Ganske served in the Pacific during World War II. He and his Army comrades were spared the task of invading Japan when, as Ganske terms it, “they dropped the big one.”
The atomic bomb ended the war, and he served out his military duty as a base cook on Guam, where emaciated GI prisoner-of-war survivors of the infamous Bataan Death March were sent to recover.
“Nothing but bones,” he says of their condition.
Upon returning stateside, Ganske embarked on a 45-year career as a meat cutter.
In his tenure as a newspaper shorts runner, he became familiar with the foibles of customers such as the woman who reasoned that because she arose daily at 5 a.m., her paper should be delivered then as well.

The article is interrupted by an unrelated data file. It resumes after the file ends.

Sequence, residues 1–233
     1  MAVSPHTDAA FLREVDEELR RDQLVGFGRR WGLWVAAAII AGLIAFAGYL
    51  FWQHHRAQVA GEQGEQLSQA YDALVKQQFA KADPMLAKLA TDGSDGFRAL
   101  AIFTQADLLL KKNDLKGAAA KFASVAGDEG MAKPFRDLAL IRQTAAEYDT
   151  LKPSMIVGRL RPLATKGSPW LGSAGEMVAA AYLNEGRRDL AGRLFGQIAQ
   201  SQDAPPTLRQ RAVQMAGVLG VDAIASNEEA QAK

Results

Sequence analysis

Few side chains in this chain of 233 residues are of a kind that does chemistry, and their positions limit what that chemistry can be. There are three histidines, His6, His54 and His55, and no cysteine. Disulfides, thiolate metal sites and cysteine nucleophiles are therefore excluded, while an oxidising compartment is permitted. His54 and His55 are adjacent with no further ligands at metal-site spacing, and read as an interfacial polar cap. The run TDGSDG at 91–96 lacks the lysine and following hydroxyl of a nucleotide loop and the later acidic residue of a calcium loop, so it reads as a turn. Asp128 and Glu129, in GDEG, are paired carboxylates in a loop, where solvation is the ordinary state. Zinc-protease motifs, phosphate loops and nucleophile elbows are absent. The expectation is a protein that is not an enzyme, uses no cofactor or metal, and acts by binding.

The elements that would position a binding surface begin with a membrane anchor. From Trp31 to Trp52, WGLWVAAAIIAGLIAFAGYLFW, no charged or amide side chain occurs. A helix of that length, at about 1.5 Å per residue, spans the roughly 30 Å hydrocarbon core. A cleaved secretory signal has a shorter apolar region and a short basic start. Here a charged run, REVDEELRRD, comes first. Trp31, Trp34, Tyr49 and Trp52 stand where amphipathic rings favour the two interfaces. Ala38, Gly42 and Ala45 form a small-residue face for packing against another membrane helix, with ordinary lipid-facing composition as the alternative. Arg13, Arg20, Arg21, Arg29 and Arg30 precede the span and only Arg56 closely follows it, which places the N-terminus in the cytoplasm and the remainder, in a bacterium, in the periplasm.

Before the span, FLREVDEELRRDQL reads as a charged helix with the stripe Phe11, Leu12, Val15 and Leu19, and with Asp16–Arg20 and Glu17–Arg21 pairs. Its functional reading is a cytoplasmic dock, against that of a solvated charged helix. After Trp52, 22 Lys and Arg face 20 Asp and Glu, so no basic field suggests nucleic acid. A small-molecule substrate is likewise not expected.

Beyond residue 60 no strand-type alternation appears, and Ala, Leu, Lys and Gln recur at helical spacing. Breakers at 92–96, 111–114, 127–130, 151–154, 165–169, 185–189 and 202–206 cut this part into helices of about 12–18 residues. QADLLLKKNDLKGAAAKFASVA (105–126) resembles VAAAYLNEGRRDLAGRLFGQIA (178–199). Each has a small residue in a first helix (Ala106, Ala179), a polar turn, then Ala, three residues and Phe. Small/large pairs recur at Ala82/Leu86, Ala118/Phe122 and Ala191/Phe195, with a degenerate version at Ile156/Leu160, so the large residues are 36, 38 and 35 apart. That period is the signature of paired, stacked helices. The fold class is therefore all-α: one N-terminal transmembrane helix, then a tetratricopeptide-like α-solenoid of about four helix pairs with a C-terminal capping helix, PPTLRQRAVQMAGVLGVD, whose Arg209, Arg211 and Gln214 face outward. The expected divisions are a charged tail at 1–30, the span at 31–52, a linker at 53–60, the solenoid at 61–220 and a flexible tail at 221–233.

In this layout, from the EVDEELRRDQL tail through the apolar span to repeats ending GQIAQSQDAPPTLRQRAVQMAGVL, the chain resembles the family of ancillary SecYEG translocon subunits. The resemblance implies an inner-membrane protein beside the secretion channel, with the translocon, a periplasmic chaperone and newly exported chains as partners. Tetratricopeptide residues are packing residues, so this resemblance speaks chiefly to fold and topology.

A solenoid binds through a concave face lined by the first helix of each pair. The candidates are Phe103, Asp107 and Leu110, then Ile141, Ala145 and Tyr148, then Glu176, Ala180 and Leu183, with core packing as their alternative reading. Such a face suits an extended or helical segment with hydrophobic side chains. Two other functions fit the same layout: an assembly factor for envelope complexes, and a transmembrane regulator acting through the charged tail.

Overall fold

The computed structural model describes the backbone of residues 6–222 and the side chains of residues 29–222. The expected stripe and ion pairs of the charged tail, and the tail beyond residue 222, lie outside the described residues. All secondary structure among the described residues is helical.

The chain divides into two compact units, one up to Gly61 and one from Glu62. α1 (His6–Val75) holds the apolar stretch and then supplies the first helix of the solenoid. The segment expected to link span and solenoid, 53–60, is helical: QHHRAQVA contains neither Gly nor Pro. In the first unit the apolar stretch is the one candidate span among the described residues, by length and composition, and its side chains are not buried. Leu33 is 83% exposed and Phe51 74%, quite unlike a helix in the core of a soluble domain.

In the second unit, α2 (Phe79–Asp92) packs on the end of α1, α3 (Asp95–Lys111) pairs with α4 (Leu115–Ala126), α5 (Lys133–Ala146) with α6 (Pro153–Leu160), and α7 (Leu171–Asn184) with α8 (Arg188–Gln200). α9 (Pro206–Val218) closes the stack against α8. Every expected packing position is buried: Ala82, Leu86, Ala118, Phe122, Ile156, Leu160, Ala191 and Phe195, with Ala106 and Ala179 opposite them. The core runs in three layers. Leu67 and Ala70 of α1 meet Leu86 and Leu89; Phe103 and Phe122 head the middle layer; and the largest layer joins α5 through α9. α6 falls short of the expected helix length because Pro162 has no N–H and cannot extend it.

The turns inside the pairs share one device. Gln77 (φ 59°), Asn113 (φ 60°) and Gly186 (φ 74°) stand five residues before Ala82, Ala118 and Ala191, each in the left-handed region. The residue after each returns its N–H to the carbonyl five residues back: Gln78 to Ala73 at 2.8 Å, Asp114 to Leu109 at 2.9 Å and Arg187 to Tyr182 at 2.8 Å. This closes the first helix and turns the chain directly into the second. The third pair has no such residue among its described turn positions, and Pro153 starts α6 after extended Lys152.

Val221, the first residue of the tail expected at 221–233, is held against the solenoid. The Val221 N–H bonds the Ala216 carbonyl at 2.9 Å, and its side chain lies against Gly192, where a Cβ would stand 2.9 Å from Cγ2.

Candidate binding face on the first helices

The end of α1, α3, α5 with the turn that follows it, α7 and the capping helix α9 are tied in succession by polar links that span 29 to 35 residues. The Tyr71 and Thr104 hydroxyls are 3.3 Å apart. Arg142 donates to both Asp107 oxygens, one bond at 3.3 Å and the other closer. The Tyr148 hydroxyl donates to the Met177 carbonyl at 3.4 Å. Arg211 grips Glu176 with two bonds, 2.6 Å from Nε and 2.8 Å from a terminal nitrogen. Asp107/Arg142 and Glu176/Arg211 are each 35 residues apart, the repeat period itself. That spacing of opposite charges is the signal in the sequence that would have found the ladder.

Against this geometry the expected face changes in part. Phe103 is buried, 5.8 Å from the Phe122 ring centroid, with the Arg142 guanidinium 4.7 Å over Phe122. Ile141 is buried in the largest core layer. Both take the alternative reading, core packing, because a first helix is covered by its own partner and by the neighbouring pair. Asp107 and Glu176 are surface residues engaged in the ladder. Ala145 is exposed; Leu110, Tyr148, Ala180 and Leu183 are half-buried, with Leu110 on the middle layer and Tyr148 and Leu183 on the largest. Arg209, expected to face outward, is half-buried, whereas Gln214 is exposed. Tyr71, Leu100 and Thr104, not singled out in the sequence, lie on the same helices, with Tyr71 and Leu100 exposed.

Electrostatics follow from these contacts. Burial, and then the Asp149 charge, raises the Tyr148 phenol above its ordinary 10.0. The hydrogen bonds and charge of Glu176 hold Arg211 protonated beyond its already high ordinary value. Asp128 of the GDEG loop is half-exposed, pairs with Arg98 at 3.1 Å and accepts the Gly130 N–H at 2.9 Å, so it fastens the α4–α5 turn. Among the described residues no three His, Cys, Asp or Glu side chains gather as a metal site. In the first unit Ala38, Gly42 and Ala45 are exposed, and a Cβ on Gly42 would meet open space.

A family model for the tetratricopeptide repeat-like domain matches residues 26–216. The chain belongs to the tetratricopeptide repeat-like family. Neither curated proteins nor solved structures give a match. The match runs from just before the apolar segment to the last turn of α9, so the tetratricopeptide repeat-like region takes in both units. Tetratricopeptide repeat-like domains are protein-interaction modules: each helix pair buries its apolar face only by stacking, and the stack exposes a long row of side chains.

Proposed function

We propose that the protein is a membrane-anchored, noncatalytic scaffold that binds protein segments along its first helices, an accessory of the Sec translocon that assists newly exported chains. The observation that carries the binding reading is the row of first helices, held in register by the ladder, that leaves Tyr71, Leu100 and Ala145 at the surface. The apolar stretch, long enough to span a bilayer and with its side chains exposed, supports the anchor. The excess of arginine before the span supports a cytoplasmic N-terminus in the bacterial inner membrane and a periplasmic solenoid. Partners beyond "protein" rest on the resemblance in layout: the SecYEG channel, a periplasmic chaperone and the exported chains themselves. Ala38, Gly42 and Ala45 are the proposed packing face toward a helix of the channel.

And the man who politely called to cancel his subscription because each morning the paper lay on his steps 4 inches too distant, requiring him to set foot on cold concrete to fetch it.
And the guy who inadvertently complimented his newspaper carriers even as he was griping.
“This is the first time in 80 years I didn’t get my paper,” he harangued over the phone, “and it better damn well be the last.”
Ganske’s retirement will leave the paper with some big “shorts” to fill, as it were.
“He was our final contact with our readers and the public.” Rheaume said. “We always felt comfortable putting the ball in Al’s hand, and he never once dropped it.”